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I just checked out the eBay ad. Everything is quite clear now: the stone is clarity enhanced. This per se is nothing wrong, and it is relatively prominently disclosed. The diamond is listed both under "enhanced natural" and "natural" diamonds. However, in addition to the points I made above, there are significant issues that you should be aware of before you close the deal: search the forum for "clarity enhanced" and read through.

 

Thank you for the information....

 

What would you do? Is it a good price?

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I would pass. For me clarity enhancement (glass filling) is a no-no. There are plenty of people that have a CE diamond and are happy.

 

As to whether it is a good price - I don't know. It really depends on the 3 points above (true colour/clarity; visibility of inclusions; cut quality), and you have no information on any of those, other than the suspicion that the cut quality is not all that it is claimed. I took a quick peek at the video, and based on that I can tell you that is NOT likely to be a D, but even that is a guess and would require detailed first-hand observation to confirm.

 

Here's a video of a (GIA) D. It's a cushion, not a round, but you will notice that there is a significant difference in colour. Now, it could be the lighting (the video below is shot in natural light), but...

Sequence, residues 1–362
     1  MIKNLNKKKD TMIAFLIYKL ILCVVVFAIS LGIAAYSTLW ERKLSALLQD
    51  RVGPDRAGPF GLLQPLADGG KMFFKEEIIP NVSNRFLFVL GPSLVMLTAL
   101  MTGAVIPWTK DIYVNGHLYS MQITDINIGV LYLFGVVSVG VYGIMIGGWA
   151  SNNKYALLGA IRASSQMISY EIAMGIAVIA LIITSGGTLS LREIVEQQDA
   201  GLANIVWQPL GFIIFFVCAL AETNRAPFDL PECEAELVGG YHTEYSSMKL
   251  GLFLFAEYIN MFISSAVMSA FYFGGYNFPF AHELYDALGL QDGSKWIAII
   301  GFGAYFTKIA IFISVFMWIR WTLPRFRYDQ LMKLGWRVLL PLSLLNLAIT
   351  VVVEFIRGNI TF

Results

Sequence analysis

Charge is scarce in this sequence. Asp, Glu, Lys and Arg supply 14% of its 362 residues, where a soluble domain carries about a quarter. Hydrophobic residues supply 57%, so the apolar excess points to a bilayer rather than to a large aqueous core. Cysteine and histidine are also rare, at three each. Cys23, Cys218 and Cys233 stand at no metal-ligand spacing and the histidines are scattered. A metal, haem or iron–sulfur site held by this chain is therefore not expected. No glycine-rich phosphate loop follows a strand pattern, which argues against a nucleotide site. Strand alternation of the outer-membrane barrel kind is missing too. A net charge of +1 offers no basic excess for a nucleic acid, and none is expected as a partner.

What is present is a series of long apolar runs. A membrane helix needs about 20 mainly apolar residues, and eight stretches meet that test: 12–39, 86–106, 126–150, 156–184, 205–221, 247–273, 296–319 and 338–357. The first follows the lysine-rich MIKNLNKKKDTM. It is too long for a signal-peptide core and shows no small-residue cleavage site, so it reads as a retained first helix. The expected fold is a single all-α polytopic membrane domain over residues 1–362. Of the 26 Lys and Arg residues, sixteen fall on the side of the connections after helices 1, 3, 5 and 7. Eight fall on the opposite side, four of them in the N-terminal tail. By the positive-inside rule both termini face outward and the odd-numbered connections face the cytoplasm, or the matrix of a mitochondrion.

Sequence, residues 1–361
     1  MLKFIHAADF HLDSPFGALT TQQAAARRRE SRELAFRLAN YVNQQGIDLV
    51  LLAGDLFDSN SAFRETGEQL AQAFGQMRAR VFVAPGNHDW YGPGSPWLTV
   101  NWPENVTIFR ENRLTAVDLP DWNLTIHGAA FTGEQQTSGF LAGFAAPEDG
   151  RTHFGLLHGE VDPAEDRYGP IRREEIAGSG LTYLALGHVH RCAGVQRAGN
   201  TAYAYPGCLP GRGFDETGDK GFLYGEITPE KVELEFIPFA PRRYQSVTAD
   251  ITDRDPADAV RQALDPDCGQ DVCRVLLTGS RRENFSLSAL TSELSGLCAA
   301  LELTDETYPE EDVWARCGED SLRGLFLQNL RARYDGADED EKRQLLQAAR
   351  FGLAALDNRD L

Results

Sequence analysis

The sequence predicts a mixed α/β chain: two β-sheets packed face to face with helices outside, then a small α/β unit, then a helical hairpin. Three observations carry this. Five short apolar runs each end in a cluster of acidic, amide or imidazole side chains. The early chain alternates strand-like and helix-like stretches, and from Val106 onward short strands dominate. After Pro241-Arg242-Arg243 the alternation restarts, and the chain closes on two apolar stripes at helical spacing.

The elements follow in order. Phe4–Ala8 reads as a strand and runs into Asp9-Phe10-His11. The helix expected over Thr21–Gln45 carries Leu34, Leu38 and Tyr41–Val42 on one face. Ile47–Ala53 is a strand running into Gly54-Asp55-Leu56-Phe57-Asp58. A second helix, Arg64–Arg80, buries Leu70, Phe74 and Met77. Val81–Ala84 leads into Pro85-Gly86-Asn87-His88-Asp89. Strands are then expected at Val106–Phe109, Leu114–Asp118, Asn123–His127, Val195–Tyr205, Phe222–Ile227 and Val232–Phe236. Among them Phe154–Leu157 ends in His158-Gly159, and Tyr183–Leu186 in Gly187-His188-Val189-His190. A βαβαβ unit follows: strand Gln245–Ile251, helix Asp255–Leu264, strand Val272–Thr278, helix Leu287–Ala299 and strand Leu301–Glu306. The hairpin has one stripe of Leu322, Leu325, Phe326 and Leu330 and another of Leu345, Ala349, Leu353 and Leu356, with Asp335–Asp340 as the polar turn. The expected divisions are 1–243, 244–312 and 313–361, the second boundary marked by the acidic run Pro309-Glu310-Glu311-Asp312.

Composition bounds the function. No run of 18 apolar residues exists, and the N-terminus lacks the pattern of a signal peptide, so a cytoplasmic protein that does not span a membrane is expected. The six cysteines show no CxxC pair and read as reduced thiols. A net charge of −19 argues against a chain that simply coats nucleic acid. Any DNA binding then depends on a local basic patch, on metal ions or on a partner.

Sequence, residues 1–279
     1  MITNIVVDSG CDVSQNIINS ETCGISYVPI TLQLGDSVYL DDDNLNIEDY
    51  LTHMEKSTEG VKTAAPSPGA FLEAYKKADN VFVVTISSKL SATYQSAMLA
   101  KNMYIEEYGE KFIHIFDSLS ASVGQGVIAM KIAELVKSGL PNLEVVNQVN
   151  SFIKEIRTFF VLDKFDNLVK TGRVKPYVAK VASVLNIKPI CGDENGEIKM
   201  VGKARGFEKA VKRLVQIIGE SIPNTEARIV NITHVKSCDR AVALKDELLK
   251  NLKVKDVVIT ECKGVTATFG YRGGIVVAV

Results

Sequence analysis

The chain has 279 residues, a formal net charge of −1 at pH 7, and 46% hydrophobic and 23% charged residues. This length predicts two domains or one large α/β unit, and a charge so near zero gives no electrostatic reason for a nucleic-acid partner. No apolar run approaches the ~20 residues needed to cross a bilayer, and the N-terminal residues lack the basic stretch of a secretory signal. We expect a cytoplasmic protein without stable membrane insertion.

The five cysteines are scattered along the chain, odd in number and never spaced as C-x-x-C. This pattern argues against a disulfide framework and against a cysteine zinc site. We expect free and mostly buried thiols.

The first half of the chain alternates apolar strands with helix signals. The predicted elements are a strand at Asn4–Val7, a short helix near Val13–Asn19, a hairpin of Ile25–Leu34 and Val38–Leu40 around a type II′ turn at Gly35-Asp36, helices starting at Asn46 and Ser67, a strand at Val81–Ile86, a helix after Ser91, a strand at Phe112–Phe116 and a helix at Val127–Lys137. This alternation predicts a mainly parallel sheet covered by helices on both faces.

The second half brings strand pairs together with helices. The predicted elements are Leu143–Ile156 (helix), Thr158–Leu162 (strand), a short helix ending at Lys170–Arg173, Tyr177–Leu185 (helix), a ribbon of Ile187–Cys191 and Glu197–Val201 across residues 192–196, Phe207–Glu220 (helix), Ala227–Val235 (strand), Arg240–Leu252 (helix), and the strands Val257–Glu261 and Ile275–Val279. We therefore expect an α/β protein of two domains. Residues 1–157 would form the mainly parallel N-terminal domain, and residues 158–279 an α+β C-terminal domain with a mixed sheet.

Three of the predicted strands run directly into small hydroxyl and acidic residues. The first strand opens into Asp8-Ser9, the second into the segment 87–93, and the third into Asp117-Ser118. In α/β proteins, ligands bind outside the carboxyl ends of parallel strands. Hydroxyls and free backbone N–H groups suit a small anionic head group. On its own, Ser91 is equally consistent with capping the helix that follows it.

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If you know what you are looking for, yes, fairly easily. Once set, if the enhancement has been done properly, it becomes more difficult without a loupe. To casual observation ("Oh my God, what a nice diamond! Are you engaged?" says auntie Jemima) it is not apparent.

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How long is a piece of string?

 

Bear in mind that - other than for the cost of CE treatment, which is fairly low - the value of the stone is dictated by what it is and looks like without an enhancement. The problem is that neither of us has any idea what that is, because neither of us has seen the diamond, and the so-called "certificate" is not worth the paper it's printed on (recycling is not free). Even what is on the report re: cut is not super-promising: medium culet, eccentric cut.

 

The vendor holds all the cards - other than a promise to refund your money within 14 days if you don't like it. If you are really so keen on this stone (but why? there's thousands of others that are far less risky than a bottom-dredging deal like this one), make sure you get the return policy confirmed in writing, pay using a credit card and invest $100 or so in getting an independent, skilled appraiser to vet the diamond for you as soon as possible.

 

BTW: we are not talking "little lower grade". We are talking I-J/I1 borderline I2. This is why it has been clarity enhanced.

Edited by davidelevi
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Good luck in the hunting. And do come back if you have more questions.

 

One suggestion, if I may: before you start looking for diamonds, select your dealer. Call a few people, talk to them in as general terms as you can (it should not be about "so, how much you have to spend"), and see who you can get on with, who is helpful and who is knowledgeable, who has a service orientation and who has good policies on inspections, returns and exchanges. Then pick a couple of firms that you like and get them to help you.